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A feasibility study of NIR fluorescent image-guided surgery in head and neck cancer based on the assessment of optimum surgical time as revealed through dynamic imaging
Authors Yokoyama J, Fujimaki M, Ohba S, Anzai T, Yoshii R, Ito S, Kojima M, Ikeda K
Received 22 December 2012
Accepted for publication 20 February 2013
Published 8 April 2013 Volume 2013:6 Pages 325—330
Checked for plagiarism Yes
Review by Single anonymous peer review
Peer reviewer comments 3
Junkichi Yokoyama,* Mitsuhisa Fujimaki,* Shinichi Ohba, Takashi Anzai, Ryota Yoshii, Shin Ito, Masataka Kojima, Katsuhisa Ikeda
Department of Otolaryngology-Head and Neck Surgery, Juntendo University School of Medicine, Tokyo, Japan
*These authors contributed equally to this study
Background: In order to minimize surgical stress and preserve organs, endoscopic or robotic surgery is often performed when conducting head and neck surgery. However, it is impossible to physically touch tumors or to observe diffusely invaded deep organs through the procedure of endoscopic or robotic surgery. In order to visualize and safely resect tumors even in these cases, we propose using an indocyanine green (ICG) fluorescence method for navigation surgery in head and neck cancer.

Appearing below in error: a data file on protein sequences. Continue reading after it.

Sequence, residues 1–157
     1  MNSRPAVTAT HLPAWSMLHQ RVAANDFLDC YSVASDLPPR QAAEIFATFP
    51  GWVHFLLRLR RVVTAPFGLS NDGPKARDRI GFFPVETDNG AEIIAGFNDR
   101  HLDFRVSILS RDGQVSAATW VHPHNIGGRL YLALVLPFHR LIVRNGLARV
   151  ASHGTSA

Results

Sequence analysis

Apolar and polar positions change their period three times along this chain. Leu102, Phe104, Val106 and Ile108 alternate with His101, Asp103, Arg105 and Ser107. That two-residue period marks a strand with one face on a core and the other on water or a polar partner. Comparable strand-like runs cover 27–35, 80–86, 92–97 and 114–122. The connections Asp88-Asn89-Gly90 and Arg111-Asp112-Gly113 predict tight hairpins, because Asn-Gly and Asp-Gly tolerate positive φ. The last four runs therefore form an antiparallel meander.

Objective: To determine the optimum surgical time for tumor resection after the administration of ICG based on the investigation of dynamic ICG fluorescence imaging.
Methods: Nine patients underwent dynamic ICG fluorescence imaging for 360 minutes, assessing tumor visibility at 10, 30, 60, 120, 180, and 360 minutes. All cases were scored according to near-infrared (NIR) fluorescence imaging visibility scored from 0 to 5.
Results: Dynamic NIR fluorescence imaging under the HyperEye Medical System indicated that the greatest contrast in fluorescent images between tumor and normal tissue could be observed from 30 minutes to 1 hour after the administration of ICG. The optimum surgical time was determined to be between 30 minutes to 2 hours after ICG injection. These findings are particularly useful for detection and safe resection of tumors invading the parapharyngeal space.
Conclusion: ICG fluorescence imaging is effective for the detection of head and neck cancer. Preliminary findings suggest that the optimum timing for surgery is from 30 minutes to 2 hours after the ICG injection.
Keywords: indocyanine green (ICG), navigation surgery, robotic surgery, endoscopic surgery, minimally invasive surgery
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